January 14, 2013

Center on Budget and Policy Priorities: The Impact of Hawaii’s Income Tax on Low-Income Families

ITEP Work in Action

In the next few days, Hawaii’s legislature will consider the conference agreement on changes to Hawaii’s income tax, HB957. This agreement, which appears to have the support of legislative leadership and the governor, increases the standard deductions and expands the tax brackets beginning in tax year 2007. [1]

The bill fails to remedy a well-documented problem in Hawaii’s tax system: the high income tax Hawaii levies on poor working families. A Center on Budget and Policy Priorities report earlier this year found that in tax year 2005, Hawaii was one of the states with the very highest income taxes on families with poverty-level earnings. [2] Despite its substantial cost, HB 957 provides relatively little tax reduction for working-poor families and does little to improve Hawaii’s standing relative to other states.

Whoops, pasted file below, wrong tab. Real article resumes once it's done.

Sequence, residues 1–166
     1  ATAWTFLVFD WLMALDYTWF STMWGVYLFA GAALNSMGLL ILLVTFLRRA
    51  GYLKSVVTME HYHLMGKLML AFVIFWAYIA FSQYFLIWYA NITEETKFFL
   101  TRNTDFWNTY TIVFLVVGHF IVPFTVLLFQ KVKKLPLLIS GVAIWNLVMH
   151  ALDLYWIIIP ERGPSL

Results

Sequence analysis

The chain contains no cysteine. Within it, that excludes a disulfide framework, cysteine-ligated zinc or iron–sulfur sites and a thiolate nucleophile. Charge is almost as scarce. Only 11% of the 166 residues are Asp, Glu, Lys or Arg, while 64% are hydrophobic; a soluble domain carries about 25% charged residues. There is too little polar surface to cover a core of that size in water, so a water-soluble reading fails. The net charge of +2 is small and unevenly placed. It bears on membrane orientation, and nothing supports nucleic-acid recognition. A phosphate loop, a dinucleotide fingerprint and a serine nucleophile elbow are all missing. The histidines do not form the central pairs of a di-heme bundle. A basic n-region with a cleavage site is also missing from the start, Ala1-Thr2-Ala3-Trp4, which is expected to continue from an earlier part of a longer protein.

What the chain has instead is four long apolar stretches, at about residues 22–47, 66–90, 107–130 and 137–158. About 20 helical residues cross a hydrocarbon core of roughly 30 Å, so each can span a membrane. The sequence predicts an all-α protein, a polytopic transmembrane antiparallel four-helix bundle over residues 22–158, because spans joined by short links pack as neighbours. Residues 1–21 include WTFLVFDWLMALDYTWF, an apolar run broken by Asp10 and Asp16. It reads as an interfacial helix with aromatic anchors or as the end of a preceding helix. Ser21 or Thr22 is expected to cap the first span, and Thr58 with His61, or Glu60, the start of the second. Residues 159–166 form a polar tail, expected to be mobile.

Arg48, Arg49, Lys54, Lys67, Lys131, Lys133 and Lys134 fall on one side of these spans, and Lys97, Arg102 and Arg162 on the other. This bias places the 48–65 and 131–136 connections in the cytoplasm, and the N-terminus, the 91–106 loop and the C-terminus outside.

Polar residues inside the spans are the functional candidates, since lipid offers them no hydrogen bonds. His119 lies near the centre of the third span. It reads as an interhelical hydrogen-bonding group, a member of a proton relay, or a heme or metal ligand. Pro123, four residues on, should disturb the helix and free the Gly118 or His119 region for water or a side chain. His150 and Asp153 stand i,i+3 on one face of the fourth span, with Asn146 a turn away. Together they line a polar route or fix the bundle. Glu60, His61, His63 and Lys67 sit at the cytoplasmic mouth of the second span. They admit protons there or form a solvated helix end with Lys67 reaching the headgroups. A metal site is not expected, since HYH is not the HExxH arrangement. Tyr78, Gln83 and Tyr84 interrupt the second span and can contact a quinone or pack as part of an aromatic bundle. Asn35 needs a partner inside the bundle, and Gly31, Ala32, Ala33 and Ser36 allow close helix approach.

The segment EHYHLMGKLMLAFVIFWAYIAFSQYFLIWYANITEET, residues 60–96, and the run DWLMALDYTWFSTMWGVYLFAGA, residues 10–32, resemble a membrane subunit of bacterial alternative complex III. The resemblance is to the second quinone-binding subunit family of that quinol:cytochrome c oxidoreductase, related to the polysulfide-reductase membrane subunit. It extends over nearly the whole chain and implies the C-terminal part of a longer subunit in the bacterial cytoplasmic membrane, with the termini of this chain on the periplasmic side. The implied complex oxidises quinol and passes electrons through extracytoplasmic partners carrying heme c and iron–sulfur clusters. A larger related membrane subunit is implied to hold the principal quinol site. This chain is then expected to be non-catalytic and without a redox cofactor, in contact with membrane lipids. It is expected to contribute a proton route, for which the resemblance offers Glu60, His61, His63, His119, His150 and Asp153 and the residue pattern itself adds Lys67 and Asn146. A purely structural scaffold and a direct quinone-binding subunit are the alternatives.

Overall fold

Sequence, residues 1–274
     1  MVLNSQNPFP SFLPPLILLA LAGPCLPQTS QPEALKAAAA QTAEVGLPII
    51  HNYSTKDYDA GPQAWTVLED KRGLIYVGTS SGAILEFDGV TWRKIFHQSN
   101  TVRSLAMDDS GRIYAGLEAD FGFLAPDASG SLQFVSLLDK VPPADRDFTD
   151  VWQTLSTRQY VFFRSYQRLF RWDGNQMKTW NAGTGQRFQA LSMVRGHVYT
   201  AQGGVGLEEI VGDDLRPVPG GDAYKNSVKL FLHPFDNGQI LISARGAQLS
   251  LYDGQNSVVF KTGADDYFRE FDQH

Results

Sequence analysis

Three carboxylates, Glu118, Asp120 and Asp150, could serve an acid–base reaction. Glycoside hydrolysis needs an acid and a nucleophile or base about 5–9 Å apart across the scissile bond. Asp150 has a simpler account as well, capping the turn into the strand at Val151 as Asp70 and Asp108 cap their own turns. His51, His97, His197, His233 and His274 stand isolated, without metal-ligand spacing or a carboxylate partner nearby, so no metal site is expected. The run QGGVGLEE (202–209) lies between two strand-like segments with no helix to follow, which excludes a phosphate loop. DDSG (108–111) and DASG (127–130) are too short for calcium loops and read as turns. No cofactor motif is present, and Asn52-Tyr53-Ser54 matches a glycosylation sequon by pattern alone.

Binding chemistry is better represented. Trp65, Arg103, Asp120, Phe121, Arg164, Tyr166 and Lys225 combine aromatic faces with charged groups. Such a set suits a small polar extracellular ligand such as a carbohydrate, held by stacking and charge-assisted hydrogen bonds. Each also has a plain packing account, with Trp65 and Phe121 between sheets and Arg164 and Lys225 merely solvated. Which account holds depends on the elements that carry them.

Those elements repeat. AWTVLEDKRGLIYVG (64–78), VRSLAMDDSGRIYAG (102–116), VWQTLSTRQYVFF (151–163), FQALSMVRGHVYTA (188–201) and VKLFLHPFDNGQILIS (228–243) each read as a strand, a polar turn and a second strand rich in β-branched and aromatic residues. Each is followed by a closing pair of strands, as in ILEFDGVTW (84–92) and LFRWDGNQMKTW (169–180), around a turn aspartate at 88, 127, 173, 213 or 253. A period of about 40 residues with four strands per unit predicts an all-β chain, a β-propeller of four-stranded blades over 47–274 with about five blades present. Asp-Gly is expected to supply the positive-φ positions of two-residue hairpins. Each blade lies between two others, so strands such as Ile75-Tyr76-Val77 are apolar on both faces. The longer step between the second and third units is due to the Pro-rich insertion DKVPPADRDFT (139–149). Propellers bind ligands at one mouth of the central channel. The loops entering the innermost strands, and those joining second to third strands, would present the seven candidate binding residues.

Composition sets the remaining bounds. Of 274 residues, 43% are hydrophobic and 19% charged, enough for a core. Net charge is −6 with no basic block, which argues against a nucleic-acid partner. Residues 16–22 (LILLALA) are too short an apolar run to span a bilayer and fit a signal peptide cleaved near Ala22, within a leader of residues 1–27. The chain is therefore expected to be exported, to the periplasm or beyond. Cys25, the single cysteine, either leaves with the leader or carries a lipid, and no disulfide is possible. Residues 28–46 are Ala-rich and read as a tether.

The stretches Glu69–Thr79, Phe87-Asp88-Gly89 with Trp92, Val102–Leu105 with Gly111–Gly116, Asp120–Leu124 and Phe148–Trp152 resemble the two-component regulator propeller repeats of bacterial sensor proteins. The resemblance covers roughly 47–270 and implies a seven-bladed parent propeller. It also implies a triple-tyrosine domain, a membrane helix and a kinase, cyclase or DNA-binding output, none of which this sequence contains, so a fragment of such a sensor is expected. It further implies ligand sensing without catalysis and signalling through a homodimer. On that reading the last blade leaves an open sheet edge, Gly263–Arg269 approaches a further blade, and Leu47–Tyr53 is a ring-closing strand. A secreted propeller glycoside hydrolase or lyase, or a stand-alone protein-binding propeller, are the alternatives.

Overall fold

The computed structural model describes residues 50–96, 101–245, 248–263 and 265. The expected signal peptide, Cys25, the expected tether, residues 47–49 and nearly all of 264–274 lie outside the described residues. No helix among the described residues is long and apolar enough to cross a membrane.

Of the 42 states with income taxes, Hawaii in 2005 imposed the second-highest income tax in the nation on one-parent families of three with income at the federal poverty line. Under HB957 and other tax changes passed this year, Hawaii will still impose the second-highest income tax on these families.

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